Battling Government Exports Freeze, Israeli Medical Cannabis Firms Increasingly Eye Partnerships Abroad
The Israeli government stands to miss out on a massive opportunity to be a world leader in a sector estimated to start bringing in $1 billion in annual revenue, if a medical cannabis export freeze ordered by Prime Minister Benjamin Netanyahu remains in place, warned Saul Kaye, CEO of Israeli cannabis-focused global accelerator iCan: Israel-Cannabis, on the first day of the annual CannaTech convention in Tel Aviv on Monday.
Speaking during a press conference with other Israeli medical cannabis industry experts, Kaye, who is also the CEO of the group that runs CannaTech conferences around the world, added that if the government fails to see the advantages of Israel’s participation in the medical cannabis market, companies in the cannabis space will just move their operations elsewhere.
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“Exports are going to happen. If not here, then we’ll go to another country,” he told NoCamels.
Last month, NoCamels reported that Netanyahu had decided to suspend reforms that would allow the legal export of cannabis plants for medicinal purposes, amid opposition by the Ministry of Public Security, which said it was afraid that it would spill over into the recreational market. A reported conversation with US President Donald Trump was also said to be the cause of the sudden export freeze.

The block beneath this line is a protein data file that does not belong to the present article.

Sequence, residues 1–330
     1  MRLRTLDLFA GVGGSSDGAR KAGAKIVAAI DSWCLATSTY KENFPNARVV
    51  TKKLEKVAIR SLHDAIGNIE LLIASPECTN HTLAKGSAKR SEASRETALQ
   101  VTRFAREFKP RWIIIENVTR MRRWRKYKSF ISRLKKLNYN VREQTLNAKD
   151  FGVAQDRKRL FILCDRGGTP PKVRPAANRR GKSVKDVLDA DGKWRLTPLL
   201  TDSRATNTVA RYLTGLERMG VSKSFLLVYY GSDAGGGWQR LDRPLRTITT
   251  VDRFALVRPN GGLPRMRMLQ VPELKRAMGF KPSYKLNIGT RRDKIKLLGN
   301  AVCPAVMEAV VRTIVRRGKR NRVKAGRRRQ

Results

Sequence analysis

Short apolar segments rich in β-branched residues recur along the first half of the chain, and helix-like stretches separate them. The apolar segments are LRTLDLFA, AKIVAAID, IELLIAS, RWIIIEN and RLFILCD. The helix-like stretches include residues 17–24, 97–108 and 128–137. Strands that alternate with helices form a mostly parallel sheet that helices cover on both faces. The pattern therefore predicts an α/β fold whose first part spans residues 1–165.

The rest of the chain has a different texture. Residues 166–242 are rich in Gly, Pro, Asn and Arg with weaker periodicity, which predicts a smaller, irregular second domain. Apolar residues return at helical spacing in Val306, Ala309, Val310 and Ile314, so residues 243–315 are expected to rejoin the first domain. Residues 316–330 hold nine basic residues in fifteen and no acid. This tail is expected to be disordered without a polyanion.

But cannabis industry leaders remained largely optimistic throughout the CannaTech event, which attracted over 800 participants from 40 countries. In a session titled ‘The Politics of Cannabis: Spotlight on Israel: What Reclassifying Means for Export & Economy”, Yuval Landschaft, Director of the Israel Medical Cannabis Agency of the Ministry of Health suggested everyone “relax” and that “almost everything is going to be solved.”
— CannaTech (@Canna_Tech) March 20, 2018
“The government of Israel believes Israel can be the ‘Start-Up Nation’ of cannabis,” he said, “Our prime minister himself wants to know the benefits and that’s why he is rechecking the regulations. Nothing has stopped.”
Landschaft said the export freeze could end “as soon as April” when government officials and other experts gather for Cannaan, the state-backed three-day medical cannabis conference taking place in Ramat Gan at the end of next month. The event is touted as “the 1st international conference of medical grade cannabis” in Israel despite the first CannaTech summit four years ago. The convention is expected to “attract scientists, regulators, medical personnel, farmers, and policy stakeholders, interested in the vibrant field of medical cannabis.”
Keynote speakers include Israeli organic chemist Professor Raphael Mechoulam, known as the “father of medical cannabis research.” Israel is considered a pioneer in marijuana research largely thanks to Mechoulam of the Hebrew University of Jerusalem. Through his research in Israel in the 1960s, he was the first scientist in the world to identify various compounds of cannabis, including THC, the chemical known for causing a “high.”
‘We’re going to do deals anyway’
The panel of speakers at the CannaTech summit included Kaye as well as cannabis tech heavyweights like Yona Levy, CEO of cannabis pharma company Alvit Pharma; Ma’ayan Weisberg, head of international relations for cannabis developer and distributor Tikun Olam and Avihu Tamir, CEO of Tel Aviv-based cannabis R&D company Kanabo Research. They all indicated they would look for other ways to promote their technology as long as regulations remain restrictive and the export ban continues.